The FDA distinguishes three classes of medical devices by their risk factor and the necessary regulatory requirements that have to be taken in order to guarantee product quality and patient safety. This includes guidance documents on product development, quality systems for manufacturing processes, control systems, and clinical trials.

Class I: This class includes low risk medical products like tongue depressors, toothbrushes, or bandages. Class I devices are only subject to basic regulatory requirements because they are not intended to be used in the support or sustaining of life and do not represent health risks for humans5.

Class II: Class II includes medium risk health technology and equipment that require special controls. Examples are acupuncture needles, syringes, autoinjector pens, powered wheelchairs, catheters, infusion pumps, air purifiers, medical ventilators, or surgical robots6.
General controls are considered sufficient for Class I devices, but as Class II devices require a higher level of controls to assure their safety and effectiveness, they are treated differently.

Special controls include, among others, performance standards, postmarket surveillance, special labeling requirements or premarket data requirements7.

Class III: Medical devices listed in Class III are considered high risk by the FDA. They require premarket approval to ensure patient safety as they are usually used to support or sustain human life. Examples include implants like pacemakers, defibrillators, glucose monitors or pulse generators. In cases of medical devices that have contact with sterile body tissues like implants or surgery items that enter the human body, special precautions have to be taken in terms of sterility8.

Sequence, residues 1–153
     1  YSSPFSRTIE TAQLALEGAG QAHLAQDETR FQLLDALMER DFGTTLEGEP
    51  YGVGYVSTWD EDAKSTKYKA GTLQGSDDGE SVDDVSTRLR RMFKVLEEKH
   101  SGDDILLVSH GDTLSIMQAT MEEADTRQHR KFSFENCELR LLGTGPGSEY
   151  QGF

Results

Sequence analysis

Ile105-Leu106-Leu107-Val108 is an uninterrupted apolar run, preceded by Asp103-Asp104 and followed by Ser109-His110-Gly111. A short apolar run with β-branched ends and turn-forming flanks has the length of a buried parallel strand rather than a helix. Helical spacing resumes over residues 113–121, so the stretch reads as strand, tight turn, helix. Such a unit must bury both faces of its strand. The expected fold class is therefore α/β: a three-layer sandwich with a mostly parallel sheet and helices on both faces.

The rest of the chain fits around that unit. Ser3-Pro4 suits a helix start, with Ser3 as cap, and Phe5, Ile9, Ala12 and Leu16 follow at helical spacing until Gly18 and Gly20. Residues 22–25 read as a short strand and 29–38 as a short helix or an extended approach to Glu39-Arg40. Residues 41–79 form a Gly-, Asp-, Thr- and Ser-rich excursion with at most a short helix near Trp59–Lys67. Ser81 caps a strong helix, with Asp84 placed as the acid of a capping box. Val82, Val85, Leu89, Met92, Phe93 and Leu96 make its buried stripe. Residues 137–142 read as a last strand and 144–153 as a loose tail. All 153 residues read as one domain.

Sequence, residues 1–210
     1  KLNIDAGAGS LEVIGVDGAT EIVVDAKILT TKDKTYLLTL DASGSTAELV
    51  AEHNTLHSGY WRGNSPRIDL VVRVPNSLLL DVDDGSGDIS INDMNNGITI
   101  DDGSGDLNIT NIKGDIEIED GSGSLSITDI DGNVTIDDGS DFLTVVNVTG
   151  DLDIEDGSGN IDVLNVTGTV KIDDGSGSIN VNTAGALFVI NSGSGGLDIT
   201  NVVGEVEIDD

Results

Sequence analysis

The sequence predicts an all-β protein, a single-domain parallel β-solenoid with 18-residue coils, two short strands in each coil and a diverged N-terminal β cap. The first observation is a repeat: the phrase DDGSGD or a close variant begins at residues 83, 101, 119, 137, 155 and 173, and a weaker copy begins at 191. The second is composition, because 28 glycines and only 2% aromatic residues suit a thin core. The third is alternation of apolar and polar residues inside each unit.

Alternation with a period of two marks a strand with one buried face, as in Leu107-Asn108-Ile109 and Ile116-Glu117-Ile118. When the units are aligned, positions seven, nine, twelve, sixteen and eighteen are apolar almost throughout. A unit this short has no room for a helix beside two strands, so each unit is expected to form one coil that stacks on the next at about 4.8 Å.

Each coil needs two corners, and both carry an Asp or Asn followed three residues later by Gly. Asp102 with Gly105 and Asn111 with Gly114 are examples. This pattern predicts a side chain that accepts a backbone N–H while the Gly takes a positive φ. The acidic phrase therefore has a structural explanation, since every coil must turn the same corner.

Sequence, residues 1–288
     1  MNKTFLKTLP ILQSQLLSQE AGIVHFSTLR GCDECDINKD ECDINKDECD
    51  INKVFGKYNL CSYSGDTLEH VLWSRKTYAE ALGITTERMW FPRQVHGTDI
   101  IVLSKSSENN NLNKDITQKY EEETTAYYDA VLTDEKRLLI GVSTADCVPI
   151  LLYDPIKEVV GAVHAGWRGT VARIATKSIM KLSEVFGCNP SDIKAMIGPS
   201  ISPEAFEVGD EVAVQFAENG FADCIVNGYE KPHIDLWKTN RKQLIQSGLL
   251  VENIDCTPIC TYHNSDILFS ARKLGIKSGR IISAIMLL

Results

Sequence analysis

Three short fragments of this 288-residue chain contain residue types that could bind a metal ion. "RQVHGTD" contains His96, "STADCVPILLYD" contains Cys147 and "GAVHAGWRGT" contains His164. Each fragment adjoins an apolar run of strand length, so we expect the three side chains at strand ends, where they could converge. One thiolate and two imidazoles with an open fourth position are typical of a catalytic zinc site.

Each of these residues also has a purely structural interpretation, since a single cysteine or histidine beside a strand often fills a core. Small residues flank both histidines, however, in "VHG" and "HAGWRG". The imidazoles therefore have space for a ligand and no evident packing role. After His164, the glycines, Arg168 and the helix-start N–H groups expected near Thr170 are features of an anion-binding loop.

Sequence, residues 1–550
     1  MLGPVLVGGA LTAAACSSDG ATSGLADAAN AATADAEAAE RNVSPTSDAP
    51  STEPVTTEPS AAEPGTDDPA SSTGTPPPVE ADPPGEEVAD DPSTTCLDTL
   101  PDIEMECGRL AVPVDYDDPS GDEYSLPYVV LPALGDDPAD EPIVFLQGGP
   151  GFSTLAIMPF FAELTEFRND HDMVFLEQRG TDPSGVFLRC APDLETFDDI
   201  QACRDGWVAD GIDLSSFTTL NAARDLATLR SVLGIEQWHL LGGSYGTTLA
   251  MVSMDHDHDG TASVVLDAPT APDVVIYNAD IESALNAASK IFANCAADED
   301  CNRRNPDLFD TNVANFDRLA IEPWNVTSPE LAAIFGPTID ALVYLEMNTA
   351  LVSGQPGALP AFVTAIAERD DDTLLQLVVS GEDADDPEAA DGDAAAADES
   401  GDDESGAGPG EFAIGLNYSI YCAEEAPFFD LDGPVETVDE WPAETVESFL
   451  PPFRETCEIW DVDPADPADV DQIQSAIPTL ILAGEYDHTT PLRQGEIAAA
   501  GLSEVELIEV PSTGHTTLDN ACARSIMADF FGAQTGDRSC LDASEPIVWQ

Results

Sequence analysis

Top medical device manufacturer

The market for medical devices has experienced constant growth in the past years and is listed with US $511.20bn global revenue for 2024, which makes a 6.6% increase compared to the previous year9.

There are several new companies entering the market, however there are established key players whose revenues make up the main share of market income.

Some honourable mentions from the list of the most successful distributors of medical devices are Medtronic, Johnson & Johnson, and Roche.

With a $32.32 billion annual revenue in 202310, Medtronic is one of the most economically vital firms that specializes in medical devices. The U.S. based company was the first to release a battery operated pacemaker, developed mechanical heart valves and implantable cardioverter defibrillators. They concentrate on the improvement of human health conditions through medical technology.